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By Larry Duggins an excerpt from Our Theological Task

Although we recognize that God’s revelation and our experiences of God’s grace continually surpass the scope of human language and reason, we also believe that any disciplined theological work calls for the careful use of reason. By reason we read and interpret Scripture. By reason we determine whether our Christian witness is clear. By reason we ask questions of faith and seek to understand God’s action and will. ...By our quest for reasoned understandings of Christian faith we seek to grasp, express, and live out the gospel in a way that will commend itself to thoughtful persons who are seeking to know and follow God’s ways. 
― from "The Book of Discipline of The United Methodist Church 2016"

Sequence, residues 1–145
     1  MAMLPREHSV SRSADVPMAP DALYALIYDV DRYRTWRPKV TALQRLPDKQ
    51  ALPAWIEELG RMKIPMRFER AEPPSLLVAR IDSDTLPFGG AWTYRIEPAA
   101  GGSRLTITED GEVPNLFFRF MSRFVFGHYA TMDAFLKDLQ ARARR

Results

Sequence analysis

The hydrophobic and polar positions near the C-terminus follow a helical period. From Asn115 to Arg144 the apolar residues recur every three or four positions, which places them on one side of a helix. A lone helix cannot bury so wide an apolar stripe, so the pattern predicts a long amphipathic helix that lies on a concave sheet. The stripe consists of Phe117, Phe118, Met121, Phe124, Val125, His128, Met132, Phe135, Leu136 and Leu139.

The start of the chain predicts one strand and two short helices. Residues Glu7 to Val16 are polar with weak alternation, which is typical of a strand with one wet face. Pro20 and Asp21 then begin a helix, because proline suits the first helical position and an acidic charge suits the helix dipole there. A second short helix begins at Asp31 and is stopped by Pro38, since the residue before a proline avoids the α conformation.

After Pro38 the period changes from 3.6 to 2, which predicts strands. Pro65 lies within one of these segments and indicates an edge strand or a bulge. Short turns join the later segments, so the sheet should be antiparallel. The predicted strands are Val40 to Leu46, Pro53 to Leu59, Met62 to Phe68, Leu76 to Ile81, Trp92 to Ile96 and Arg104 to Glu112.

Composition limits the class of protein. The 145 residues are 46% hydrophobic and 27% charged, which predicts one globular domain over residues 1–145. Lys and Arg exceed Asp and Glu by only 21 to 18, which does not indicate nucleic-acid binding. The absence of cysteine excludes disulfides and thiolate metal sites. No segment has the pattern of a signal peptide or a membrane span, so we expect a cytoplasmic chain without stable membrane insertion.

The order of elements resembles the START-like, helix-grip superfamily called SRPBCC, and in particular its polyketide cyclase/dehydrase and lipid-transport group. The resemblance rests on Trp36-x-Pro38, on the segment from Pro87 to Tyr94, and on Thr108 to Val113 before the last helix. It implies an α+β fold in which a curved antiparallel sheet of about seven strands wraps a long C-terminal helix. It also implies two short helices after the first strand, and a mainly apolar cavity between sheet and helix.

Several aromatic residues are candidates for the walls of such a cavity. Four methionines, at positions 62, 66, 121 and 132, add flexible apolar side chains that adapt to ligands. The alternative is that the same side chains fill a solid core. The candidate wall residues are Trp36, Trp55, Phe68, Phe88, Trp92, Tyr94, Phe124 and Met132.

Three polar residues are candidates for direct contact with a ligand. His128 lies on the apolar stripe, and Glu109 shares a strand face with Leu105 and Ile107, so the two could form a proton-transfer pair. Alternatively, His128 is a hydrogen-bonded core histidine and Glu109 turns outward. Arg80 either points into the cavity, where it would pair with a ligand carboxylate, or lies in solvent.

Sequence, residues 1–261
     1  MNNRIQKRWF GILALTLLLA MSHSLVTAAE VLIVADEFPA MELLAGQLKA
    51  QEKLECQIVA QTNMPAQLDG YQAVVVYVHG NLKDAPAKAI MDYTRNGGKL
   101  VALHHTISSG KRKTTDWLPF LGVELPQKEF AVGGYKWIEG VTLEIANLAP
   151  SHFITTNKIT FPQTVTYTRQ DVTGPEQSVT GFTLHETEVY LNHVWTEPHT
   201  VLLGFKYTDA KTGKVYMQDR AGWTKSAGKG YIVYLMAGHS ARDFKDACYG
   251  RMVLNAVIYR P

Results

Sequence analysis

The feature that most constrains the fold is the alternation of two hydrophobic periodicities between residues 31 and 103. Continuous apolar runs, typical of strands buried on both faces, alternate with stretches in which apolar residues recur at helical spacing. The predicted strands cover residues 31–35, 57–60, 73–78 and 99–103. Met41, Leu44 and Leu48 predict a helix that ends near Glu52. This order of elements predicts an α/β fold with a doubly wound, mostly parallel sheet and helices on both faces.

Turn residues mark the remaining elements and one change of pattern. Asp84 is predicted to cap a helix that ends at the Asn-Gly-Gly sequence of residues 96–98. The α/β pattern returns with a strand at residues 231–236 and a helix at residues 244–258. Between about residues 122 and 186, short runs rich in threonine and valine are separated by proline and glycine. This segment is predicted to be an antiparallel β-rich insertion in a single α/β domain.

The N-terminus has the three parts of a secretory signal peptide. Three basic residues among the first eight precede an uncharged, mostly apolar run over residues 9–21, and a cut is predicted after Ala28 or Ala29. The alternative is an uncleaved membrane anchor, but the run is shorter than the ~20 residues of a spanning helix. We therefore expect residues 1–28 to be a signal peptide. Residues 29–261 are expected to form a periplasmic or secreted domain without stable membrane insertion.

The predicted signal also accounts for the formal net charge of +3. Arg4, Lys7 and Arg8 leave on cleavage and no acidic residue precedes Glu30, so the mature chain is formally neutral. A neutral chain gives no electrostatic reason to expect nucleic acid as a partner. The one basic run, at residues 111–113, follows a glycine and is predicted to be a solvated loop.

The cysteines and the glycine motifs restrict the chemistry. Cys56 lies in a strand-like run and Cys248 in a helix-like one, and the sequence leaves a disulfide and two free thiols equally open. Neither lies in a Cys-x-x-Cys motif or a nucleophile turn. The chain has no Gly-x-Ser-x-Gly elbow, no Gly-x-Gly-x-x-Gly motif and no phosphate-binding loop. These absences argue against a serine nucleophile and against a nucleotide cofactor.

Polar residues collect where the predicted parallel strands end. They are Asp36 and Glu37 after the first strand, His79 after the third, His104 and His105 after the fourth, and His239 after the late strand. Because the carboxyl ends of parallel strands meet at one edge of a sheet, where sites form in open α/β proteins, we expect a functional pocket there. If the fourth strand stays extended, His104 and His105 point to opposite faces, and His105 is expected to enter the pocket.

God gave us brains, and I am convinced that God intends for us to use them. From one perspective, humanity was blessed with reason to be able to carry God’s task of creation forward. Just as God calls us to be God’s hands and feet in service to others, God calls us to use our reason to co-create solutions and blessings for all those around us. We are more than simply caretakers—we are agents of God’s creative mercy and grace.
We are charged to use our minds to question our interpretations and our motives to refine our understanding of scripture and our theological stance. In the midst of God’s good creation, we see God at work—we see people in pain—we see springtime—and we are challenged to reconcile all of those things in our minds through the light of scripture. When we discern a conundrum, a point where things just don’t fit together, we are charged with using our reason together and individually to flex our theological understanding to find a better understanding. We cannot simply read without comprehension and challenge.
Through scripture, tradition, experience, and reason we engage with who God is and who we are—we are called to use our individual and collective minds, bodies, and spirits to engage with God through scripture and reason. 
Theologians one and all.